“Thirty days is not enough time to separate real sales trends from short-term fluctuations in a very dynamic, highly competitive market,” said Kurt McNeil, U.S. vice president of sales operations at GM. “Reporting sales quarterly better aligns with our business, and the quality of information will make it easier to see how the business is performing.”

In the auto industry, GM emphasized monthly sales are subject to many issues that make them more volatile than quarterly sales, including product launch activity, weather, other seasonal factors, the number of selling days and incentive activity.

GM also added that its “high level of transparency” on total, brand and nameplate sales, fleet mix and inventory will not change. The company will also continue sharing J.D. Power PIN estimates for incentive spending and average transaction prices.

Chesbrough replied first when Auto Remarketing asked for a reaction to GM’s decision during a conference call Cox Automotive hosts on a monthly basis.

“I think for GM, they feel like this is going to be a time saver,” Chesbrough said. “They won’t be scrambling so much to get the news out at the start of each month. They feel maybe they’re chasing a little too much monthly volatility, which might be out of their control. And they haven’t been able to focus enough on bigger picture stories they could focus on a quarterly basis. I think that’s the general idea.”

If a company as large as GM makes this decision, what about other members of the Big 3 or leading foreign automakers?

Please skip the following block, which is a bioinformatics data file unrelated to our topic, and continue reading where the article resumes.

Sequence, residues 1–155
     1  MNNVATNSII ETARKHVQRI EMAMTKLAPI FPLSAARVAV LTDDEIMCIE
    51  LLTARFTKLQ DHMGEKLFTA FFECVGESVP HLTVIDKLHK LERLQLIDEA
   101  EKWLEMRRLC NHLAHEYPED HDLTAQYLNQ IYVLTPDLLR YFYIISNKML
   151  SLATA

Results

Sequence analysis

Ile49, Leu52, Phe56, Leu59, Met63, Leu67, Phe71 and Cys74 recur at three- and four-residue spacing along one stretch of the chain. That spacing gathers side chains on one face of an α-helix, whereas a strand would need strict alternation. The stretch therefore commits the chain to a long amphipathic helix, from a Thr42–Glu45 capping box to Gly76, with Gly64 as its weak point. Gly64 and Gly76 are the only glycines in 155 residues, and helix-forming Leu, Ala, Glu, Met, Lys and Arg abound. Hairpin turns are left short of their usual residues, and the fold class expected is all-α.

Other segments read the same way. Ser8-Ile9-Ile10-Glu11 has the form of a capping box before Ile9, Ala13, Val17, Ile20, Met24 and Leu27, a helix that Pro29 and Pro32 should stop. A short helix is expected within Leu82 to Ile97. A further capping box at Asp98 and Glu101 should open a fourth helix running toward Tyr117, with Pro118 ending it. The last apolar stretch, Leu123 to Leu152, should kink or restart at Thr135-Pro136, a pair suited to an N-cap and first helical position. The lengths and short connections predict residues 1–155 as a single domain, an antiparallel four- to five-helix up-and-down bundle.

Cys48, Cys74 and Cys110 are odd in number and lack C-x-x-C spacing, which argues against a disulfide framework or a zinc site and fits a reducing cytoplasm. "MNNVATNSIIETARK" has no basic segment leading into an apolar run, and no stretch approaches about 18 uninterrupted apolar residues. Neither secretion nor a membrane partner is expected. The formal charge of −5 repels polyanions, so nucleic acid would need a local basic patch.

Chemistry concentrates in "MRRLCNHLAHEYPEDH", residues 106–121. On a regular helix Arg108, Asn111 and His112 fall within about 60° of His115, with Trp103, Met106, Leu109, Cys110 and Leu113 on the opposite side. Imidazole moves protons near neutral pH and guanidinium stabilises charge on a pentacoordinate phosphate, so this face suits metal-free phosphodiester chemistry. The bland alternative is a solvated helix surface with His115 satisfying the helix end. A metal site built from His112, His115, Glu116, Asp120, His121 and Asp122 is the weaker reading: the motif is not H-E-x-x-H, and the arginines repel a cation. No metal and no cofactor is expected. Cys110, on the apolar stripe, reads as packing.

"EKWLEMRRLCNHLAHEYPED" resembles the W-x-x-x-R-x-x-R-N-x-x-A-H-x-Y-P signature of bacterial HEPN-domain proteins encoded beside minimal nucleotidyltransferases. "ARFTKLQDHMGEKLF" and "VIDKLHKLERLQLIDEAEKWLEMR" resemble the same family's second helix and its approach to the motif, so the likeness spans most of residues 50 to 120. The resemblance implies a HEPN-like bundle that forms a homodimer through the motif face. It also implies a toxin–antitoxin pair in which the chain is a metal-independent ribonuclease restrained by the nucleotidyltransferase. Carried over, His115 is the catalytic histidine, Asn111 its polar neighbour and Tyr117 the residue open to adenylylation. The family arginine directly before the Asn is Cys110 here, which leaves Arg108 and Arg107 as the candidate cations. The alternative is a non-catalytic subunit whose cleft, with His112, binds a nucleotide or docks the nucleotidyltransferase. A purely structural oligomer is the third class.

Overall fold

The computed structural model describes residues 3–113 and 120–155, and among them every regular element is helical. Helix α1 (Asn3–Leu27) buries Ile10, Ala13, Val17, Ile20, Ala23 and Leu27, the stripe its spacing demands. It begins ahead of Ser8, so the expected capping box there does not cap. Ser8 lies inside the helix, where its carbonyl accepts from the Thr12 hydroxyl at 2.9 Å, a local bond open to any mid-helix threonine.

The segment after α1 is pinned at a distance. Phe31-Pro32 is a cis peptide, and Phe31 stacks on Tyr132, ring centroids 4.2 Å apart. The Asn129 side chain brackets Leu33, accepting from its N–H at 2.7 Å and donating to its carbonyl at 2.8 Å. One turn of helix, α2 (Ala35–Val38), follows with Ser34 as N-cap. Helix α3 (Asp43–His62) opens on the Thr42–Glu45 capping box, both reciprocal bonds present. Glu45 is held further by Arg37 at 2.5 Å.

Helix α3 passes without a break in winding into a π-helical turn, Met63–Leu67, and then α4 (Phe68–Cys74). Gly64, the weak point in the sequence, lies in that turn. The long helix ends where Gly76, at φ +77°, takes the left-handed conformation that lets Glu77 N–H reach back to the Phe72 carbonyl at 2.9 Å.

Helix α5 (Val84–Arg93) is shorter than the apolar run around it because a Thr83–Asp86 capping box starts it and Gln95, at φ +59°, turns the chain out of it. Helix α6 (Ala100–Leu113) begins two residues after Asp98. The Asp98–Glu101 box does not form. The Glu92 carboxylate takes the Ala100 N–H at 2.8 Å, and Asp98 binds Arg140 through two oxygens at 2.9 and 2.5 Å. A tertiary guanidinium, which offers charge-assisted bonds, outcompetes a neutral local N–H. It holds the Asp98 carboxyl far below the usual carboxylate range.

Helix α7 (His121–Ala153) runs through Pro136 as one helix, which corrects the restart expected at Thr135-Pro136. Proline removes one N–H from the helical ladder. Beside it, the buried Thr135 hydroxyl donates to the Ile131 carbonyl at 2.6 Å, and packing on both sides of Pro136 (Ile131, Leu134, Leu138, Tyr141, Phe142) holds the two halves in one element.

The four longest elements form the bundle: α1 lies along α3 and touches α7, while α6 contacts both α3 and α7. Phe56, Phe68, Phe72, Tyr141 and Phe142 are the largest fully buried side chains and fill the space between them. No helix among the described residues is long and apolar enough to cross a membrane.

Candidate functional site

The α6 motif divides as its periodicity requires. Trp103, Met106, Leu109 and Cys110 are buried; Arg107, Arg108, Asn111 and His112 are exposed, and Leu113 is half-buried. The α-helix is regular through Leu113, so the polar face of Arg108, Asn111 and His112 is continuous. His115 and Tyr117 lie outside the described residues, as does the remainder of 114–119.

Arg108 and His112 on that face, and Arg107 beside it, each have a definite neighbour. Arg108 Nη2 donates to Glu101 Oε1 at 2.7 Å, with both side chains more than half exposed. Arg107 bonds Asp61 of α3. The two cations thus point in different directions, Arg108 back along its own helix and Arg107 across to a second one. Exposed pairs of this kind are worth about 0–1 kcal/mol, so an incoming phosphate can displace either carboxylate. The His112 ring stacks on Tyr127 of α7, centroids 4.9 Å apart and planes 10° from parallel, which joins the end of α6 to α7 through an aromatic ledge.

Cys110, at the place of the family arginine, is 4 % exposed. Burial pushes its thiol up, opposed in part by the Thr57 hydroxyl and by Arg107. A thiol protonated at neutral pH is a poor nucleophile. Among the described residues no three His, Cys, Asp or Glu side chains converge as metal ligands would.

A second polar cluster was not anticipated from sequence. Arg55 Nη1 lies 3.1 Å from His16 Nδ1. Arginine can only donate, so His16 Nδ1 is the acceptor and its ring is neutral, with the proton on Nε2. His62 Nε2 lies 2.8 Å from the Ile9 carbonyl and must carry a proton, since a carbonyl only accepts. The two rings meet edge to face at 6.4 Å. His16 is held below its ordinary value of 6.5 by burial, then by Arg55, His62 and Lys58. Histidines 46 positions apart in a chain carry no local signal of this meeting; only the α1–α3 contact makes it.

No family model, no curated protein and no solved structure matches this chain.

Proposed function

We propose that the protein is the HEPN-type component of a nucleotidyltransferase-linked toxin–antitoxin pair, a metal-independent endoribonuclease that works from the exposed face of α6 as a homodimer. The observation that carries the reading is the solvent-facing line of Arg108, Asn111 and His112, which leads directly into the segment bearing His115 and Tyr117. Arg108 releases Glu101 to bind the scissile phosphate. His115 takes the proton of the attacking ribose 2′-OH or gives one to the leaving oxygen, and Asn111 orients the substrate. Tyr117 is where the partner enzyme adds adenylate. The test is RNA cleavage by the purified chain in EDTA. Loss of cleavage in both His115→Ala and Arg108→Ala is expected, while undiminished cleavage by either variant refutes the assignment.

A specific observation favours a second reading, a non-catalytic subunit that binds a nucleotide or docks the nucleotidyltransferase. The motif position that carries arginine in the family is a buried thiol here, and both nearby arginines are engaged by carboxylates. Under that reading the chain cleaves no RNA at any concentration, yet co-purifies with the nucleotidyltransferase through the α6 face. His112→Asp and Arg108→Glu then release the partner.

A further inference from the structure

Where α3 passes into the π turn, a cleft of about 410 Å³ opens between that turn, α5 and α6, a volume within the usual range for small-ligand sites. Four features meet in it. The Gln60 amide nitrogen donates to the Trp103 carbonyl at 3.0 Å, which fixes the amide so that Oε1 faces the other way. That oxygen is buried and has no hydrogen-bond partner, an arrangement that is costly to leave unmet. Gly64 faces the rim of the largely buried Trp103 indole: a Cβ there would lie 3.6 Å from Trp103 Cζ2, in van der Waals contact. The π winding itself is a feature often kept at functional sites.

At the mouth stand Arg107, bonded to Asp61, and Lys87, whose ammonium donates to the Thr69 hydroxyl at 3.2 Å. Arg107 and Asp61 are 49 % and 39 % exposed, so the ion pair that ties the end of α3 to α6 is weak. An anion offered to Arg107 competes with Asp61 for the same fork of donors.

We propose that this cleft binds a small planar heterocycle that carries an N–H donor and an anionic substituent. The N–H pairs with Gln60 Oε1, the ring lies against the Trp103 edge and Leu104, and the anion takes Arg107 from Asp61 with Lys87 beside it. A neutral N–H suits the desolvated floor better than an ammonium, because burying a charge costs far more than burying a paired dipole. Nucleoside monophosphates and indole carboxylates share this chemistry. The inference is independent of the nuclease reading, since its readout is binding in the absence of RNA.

“Our expectation is that other companies are going to likely follow,” Chesbrough said. “We don’t know how many, but I wouldn’t be surprised to see a couple of other big OEMs also decide to move to quarterly reporting basis.”

If that does in fact happen, Chesbrough touched on what the implications could be.

“I think the danger for the industry and where there are risks are for the companies themselves,” he said. “They probably will have less control over the narrative of what’s going on each month, if their sales are up or down, it’s going to be up to whatever analyst says they are or what reporters decide they’re going to be since we won’t know the facts themselves. I think there is some risk to that.

“Also, what replaces that information source? Is the industry able to find a viable replacement other than GM reporting those numbers themselves? Certainly, we all want to know what’s happening in the industry on a real-time basis because we know the auto industry is an important component for Wall Street in terms of monitoring the overall health of the economy,” Chesbrough went on to say. “I think people are going to want to know and have some kind of a measurement as to how sales are progressing.”

For Krebs, she approached from the perspective on how the GM decision could be create a much greater impact than knowing how many new trucks or sedans franchised dealerships turned in a given month.

“I was around in the lead up to the recession, and auto sales were a bellwether of the economy,” Krebs said. “We might not get at least a public lead on that without seeing monthly sales. But I understand why GM is doing it. Other industries do it. In the real estate industry, they switched over. Other retailers like Wal-Mart and Target, they don’t do monthly sales. I get it on that respect.

“And if you look at the first quarter as an example, January and February are really low months and March is a very high month so looking quarterly does even things out,” she continued.